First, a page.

Family

5 Ways to Stay Connected to a Loved One in a Nursing Home That Will Strengthen Bonds

Sending a parent, relative, or loved one to a nursing home is never an easy decision. While it may be best in terms of round-the-clock care, the new living situation can quickly make you and your relative feel disconnected from one another. To help you strengthen the bond with a loved one in a nursing home, we’ve rounded up the best ideas and advice.

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Set up a calling schedule with your family.

Not everyone has the time to call their parent or great aunt every day. But if you set up a calling schedule, your loved one will receive calls on a regular basis. This reduces potential miscommunication among your immediate family (in terms of who called and when). And if someone, like your sister, accidentally calls on a day that isn’t designated as hers, it’s simply a bonus!

To set up a calling schedule, ask your family members whether they would like to be included on the call list and which day they would like to have. (Tip: Get the grandkids and great nieces and nephews involved, too!)

Invest in a digital photo frame or video caller.

Before you shy away from technology because it seems too difficult, take a breath! These days, video calling systems and digital photo frames are easy to set up. Once you place the device on a bedside table, it requires no further set up or maintenance.

We like the Echo Show (Buy from Amazon, $249.99) for this reason. It’s an investment, but anyone with the Alexa app (available for free to download to your smartphone) can start a video call. The person who owns the Echo Show must simply say, “Alexa, answer!” or press the green “answer” button to accept a video call. Better yet, the Echo Show will follow the speaker’s voice, so your relative doesn’t have to turn the screen to face him or her. (For more help, check out this guide on setting up an Echo Show for a loved one.)

If the Echo Show seems too complicated and you need something very simple, try a digital photo frame instead. The Monster Smart Home Digital Photo Frame (Buy from Amazon, $169.99) is an excellent investment because it’s so easy to set up. Quickly upload photos from your smartphone to the device using a free, downloadable app. Once you plug the Monster Frame in and turn it on, it will display pictures all day long for your loved one to enjoy. Plus, you can change the photos any time you like from your phone.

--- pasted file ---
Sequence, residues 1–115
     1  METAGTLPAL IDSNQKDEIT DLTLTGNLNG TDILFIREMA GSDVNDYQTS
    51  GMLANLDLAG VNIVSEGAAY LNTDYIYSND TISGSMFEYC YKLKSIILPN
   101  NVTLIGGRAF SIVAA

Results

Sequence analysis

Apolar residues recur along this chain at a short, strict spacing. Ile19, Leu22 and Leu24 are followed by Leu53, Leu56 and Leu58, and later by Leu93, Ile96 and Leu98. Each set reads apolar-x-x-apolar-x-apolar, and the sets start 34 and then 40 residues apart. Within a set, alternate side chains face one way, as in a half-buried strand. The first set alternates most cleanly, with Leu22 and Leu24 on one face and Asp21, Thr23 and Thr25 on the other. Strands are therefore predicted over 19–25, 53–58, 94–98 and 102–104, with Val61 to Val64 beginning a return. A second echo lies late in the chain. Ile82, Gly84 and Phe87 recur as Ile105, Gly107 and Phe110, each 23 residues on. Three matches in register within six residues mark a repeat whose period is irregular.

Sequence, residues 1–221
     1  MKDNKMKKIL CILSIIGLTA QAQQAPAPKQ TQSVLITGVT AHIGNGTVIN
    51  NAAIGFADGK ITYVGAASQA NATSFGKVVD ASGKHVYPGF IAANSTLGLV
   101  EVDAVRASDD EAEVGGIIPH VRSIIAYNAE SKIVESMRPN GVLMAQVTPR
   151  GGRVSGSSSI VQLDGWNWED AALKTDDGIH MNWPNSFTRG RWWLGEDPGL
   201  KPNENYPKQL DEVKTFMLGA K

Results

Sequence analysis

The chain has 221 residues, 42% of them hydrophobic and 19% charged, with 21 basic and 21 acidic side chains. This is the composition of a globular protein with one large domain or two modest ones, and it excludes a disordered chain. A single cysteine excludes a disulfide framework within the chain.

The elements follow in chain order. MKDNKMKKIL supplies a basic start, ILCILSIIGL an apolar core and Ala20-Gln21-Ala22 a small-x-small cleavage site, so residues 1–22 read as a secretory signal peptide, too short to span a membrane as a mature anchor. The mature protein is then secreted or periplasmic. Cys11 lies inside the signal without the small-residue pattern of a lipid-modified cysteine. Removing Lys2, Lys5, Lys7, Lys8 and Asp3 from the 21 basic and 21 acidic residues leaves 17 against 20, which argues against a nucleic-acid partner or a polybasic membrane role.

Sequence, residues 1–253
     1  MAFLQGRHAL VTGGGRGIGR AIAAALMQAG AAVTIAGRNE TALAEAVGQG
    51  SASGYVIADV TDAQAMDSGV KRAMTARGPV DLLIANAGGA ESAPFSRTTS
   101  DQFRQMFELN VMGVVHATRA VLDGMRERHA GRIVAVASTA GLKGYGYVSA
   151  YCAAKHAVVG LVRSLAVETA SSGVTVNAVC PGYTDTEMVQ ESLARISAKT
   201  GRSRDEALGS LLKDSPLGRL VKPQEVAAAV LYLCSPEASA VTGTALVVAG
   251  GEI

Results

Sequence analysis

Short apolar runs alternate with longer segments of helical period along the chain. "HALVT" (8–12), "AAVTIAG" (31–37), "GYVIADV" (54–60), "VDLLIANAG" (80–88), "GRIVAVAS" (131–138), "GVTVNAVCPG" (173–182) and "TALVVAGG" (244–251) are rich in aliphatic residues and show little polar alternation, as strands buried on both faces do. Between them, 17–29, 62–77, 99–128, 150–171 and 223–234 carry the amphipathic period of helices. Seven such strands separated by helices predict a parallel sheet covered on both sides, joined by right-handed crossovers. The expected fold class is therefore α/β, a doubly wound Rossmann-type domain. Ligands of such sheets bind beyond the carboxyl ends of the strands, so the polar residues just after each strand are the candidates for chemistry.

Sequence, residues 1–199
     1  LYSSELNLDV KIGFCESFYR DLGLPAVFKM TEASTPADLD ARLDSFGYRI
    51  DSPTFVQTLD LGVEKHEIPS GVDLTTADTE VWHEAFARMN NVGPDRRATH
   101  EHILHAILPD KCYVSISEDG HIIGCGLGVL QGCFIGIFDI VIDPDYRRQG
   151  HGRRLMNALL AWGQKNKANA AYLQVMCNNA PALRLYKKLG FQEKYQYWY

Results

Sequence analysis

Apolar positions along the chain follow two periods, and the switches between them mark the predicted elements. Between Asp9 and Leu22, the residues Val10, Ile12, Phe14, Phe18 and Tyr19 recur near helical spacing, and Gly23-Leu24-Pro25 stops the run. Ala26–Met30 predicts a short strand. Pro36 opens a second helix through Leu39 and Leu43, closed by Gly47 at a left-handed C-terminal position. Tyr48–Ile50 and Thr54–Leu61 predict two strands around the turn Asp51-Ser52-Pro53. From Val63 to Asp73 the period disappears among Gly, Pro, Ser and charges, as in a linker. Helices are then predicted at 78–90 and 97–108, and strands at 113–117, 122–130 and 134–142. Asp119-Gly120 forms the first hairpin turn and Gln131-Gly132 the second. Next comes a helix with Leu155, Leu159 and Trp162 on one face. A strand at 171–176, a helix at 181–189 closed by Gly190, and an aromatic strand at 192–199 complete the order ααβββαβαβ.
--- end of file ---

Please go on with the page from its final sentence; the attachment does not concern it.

Regularly send mail.

There’s something so personal about receiving a physical gift or card in the mail! It adds a special touch to any treat. So, make it a habit to send your parent or relative a little something every other week, whether it’s a care package or a simple “thinking of you” card. Spread the word to your family members, too. Anyone who doesn’t have time to squeeze in a regular phone call can send a card once a month!

Jog memories with music.

Never underestimate the power of music! A growing body of research demonstrates music’s ability to bring back back memories and sharpen brain function. For instance, 2009 research from the University of California, Davis, showed that certain regions of our brain link familiar music to memories and emotion. And a study from 2019, conducted by University of Utah researchers, found that music with personal meaning for the listener helped activate certain parts of the brain in Alzheimer’s and dementia patients that were inactive. This in turn caused whole regions of the brain to start communicating that previously had not.

The next time you see your loved one, play some tunes! (Or play tunes over the phone or during a video call.) You never know which memories you’ll activate, and that shared joy will strengthen the bond between you and your loved one.

Plan something special each time you visit.

When you do have the chance to visit someone in a nursing home, try your best to make the experience special. Bring a grandchild along, take your relative for a stroll around the property, or bring a fun, simple game. Those special moments will make the visit memorable, which will give your loved one something to talk about with friends. Having conversation starters is important — they help your loved one feel more connected to the other residents, and they can sharpen memory.

Keep in mind that It’s never too late to feel more connected. For more tips on communicating with loved ones, check out this guide on important questions to ask your aging parent.

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